A new virtual program aimed at expanding and advocating for inclusivity and diversity is starting online Aug. 20 for its first session, followed by three more throughout the school year.
NCLUDE — Nebraska Community of Learners Understanding Diversity through Education — is an online-oriented organization formed to create an inclusive environment while maintaining a connection with others led by Karen Kassebaum, assistant vice chancellor for inclusive leadership and learning.
“There's people that don’t live in the Lincoln area or they’re across the state that are doing work around inclusive excellence and we can share and learn from each other,” she said. “This platform gives us the opportunity to share practices around inclusive actions.”
Kassebaum said there will not be a strict plan for activities and the group will instead focus on creating conversations during the meeting.
“It’s all organic. The first meeting [group leaders] are going to lead the conversations,” she said. “But we ask people when they are invited to join the conversation, what are their expertise areas, and so next month it could be a topic about neural diversity, we just don’t know. It's all up to the host of the conversation.”
The group will also have an optional book club component, with the first three options being “How to Be an Inclusive Leader: Your Role in Creating Cultures of Belonging Where Everyone Can Thrive” by Jennifer Brown, “How to Be an Antiracist” by Ibram X. Kendi and “Caste: The Origins of Our Discontents” by Isabel Wilkerson, according to Jessie Peter, a fifth-year Ph.D candidate in child, youth and family studies and graduate assistant in the Office of Diversity and Inclusion.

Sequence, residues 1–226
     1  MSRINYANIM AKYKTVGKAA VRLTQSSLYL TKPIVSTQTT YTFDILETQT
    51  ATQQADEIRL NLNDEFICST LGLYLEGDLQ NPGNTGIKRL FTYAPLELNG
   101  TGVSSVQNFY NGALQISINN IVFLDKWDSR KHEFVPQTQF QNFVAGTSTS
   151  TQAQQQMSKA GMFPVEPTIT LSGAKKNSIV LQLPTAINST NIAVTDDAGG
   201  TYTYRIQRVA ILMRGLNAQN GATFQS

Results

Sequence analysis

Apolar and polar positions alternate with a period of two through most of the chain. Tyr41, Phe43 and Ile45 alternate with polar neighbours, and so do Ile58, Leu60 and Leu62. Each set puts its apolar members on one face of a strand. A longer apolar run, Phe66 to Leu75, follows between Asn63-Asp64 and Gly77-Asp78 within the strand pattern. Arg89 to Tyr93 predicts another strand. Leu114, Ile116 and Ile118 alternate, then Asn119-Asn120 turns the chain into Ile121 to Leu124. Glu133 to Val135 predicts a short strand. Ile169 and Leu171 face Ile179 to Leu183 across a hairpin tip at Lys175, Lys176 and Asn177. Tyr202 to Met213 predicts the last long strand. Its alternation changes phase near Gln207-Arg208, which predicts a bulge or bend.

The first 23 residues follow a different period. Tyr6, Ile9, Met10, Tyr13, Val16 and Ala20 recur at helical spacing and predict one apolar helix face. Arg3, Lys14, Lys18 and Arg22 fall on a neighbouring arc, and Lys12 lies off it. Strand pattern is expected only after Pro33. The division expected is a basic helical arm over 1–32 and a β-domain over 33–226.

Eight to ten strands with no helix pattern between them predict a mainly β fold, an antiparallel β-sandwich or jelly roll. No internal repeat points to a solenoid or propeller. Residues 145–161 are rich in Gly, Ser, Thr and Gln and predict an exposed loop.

“You can choose and read any one of the books,” she said. “Within the next three meetings, we will set aside some time for breakout sessions to discuss what you learned with the group.”
Peter said there are plans to expand NCLUDE to be an in-person group, as well as allow others outside of campus to be a part of the conversation.
“For now, we are on an online format, but when we can we’d like to switch to an in-person format, or at least have an annual meeting towards the end of the year when members can have a networking session, have a talk with somebody who’s from a different Office of Diversity and Inclusion,” she said. “But it all depends on if we’d be allowed to due to COVID-19.”
With the current cultural climate surrounding racial inequality and with recent police brutality protests, Kassebaum said NCLUDE is needed not only on campus but in the whole country.
“Based on the things that have happened with the murder of George Floyd, systemic racism and all the inequities that are going on with our country, we need to learn how to be inclusive with our practices daily,” she said. “So we really need to be inclusive and learn about other people, and expand our own network and learn and grow from other people so they can learn and grow from you as well.”
Those who wish to join NCLUDE can sign up before the meetings on the NCLUDE website where they will receive meeting dates and their corresponding Zoom invite links.